Di seguito il testo di un articolo di Andrew Holt is (Technical Content Executive at the CQI and writes for Quality Word Magazine) relativo al passaggio da “Management responsibility” a “Leadership” introdotto dalla ISO 9001:2015. Buon lettura.
The move from “Management responsibility” to “Leadership” is perhaps the most significant and far-reaching change contained within ISO 9001:2015, although the actual impact will depend very much on where each organisation is starting from.
Sub-clause 5.1.1 identifies specific aspects of the quality management system where top management are expected to demonstrate both leadership and commitment.
This means a top list for top management.
This starts with top management taking accountability for the effectiveness of their organisation’s quality management system.
They must ensure that their organisation’s quality policy and quality objectives are consistent with the organisation’s overall strategic direction and the context in which the organisation is operating.
Top management must also work alongside their people in order to ensure that the quality objectives are achieved. In addition, top management must ensure that the quality policy is communicated, understood and applied across the organisation.
Top management must also ensure that quality management system requirements are integral to the organisation’s business processes – that is, the quality management system must not be just a “bolt on”.
They must promote awareness and the adoption of the use of both the “process approach” and “risk-based thinking”, and must make sure that the resources required for the effective operation of the quality management system are made available.
Top management must stress the importance of effective quality management and of conforming to the requirements of the quality management system.
They must make sure that the quality management system is achieving the results intended and must lead people to contribute to the effective operation of the system.
They must drive continual improvement and develop leadership in their managers.
All this amounts to a considerable amount of focus for top management.
On a final point, when ISO 9001:2015 uses the term “top management”, it is referring to a person or a group of people at the highest level within an organisation, that is, the people who coordinate, direct, and control the organisation.
What this means for audit professionals
Auditors must seek evidence that top management has a “hands-on” approach to the management of their quality management system.
Auditors must understand which ISO 9001:2015 requirements top management can delegate and which they cannot.
Auditors must ensure that they are equipped to challenge top management in respect of their commitment to their quality management systems.
Auditing at this level is likely to be a new experience for many.
To be effective and gain the respect of top management, auditors will need to have a good understanding of management activities, be able to engage with top management on a range of subjects, and speak the language of top management.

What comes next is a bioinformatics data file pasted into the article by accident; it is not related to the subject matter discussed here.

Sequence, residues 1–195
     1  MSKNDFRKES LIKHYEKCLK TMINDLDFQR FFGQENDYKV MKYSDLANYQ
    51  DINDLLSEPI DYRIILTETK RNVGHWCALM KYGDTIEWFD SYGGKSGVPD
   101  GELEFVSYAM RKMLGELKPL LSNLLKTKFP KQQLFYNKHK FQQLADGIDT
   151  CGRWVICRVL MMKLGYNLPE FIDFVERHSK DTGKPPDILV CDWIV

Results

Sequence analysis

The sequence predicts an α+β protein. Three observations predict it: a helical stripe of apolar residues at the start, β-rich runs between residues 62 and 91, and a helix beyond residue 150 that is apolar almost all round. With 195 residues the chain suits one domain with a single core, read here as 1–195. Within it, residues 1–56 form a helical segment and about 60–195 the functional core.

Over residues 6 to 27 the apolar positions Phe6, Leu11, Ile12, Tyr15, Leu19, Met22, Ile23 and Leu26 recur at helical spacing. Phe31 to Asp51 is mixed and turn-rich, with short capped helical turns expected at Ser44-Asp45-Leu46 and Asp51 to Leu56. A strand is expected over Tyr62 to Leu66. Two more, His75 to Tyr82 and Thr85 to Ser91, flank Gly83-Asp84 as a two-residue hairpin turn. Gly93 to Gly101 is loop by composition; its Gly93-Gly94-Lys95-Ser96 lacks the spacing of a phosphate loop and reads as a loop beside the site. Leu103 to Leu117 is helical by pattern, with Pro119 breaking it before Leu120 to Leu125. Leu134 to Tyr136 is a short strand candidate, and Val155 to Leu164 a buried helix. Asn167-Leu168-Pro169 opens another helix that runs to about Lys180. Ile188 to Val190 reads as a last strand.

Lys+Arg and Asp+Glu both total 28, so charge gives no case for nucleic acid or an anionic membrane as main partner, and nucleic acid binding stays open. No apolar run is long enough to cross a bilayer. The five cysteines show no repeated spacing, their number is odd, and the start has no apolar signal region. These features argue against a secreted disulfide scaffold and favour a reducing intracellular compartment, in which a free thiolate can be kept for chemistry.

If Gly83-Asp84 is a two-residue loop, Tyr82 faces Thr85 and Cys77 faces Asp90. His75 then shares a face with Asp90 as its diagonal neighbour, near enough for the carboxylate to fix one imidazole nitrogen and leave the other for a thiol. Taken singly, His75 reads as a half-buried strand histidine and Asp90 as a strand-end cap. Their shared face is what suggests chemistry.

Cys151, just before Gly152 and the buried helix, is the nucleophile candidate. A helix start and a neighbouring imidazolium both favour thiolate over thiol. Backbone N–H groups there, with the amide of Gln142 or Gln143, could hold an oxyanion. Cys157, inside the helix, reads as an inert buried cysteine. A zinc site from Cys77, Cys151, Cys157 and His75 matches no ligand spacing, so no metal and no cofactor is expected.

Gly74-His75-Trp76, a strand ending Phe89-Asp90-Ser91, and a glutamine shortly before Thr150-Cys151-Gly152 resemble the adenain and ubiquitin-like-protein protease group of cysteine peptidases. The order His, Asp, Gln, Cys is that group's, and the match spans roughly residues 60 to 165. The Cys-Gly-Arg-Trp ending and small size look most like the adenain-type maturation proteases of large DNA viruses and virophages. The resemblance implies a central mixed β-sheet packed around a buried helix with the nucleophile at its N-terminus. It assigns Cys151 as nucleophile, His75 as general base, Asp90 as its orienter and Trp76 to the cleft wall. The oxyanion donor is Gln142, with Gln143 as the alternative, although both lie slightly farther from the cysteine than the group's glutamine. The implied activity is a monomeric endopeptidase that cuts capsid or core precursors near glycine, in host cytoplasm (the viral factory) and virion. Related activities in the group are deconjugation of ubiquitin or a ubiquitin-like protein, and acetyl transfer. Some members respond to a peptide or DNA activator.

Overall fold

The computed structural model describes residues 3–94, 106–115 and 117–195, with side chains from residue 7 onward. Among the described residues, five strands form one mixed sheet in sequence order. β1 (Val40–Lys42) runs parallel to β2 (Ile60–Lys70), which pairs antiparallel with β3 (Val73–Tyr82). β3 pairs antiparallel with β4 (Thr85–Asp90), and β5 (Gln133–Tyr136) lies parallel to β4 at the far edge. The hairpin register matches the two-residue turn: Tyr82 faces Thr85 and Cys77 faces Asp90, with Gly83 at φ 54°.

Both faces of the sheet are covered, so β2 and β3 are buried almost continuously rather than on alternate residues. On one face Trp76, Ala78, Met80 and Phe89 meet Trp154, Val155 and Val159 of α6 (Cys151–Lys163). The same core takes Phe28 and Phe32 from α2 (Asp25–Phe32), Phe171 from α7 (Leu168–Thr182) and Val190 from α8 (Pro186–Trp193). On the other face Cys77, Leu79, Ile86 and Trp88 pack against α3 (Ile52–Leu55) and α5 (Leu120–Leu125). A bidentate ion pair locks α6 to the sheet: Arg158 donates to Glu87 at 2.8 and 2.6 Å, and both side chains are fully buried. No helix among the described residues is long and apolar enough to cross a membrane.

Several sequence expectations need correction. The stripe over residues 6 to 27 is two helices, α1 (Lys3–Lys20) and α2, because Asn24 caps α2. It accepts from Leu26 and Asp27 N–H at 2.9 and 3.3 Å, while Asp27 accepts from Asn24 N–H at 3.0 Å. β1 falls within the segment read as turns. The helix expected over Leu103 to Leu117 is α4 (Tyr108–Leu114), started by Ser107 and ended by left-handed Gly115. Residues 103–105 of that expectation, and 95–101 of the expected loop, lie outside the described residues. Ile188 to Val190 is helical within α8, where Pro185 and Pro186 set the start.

For many auditors, this will involve developing new and enhanced competencies.
Developing the quality policy
There is also additional emphasis on top management and leadership on developing a quality policy within the organisation.
Sub-clause 5.2.1 sets out the requirements of top management in respect of the organisation’s quality policy.
Top management must establish a quality policy that is appropriate to the purpose and context of the organisation and crucially, it must support its strategic direction.
It must additionally provide a framework for the setting and review of quality objectives, and include commitments to satisfy any applicable requirements and to continually improve their quality management system.
It is the responsibility of top management to implement and maintain the quality policy.
What this means for audit professionals
Auditors should seek evidence that top management have created the quality policy, and are implementing and maintaining it.
Auditors should ensure that the policy is appropriate to the context of the organisation as well as its purpose and that there is a commitment to improve the organisation’s quality management system.
They should also seek evidence that the organisation’s quality objectives are consistent with the policy.
The requirement to determine that the quality policy is appropriate to the purpose and context of the organisation reinforces the need for auditors to establish their personal understanding of the context that the auditee is operating in.
However, from an audit perspective it is important that top management can demonstrate that the policy is compatible with the strategic direction and context of the organisation, (as required by sub-clause 5.1.1 b).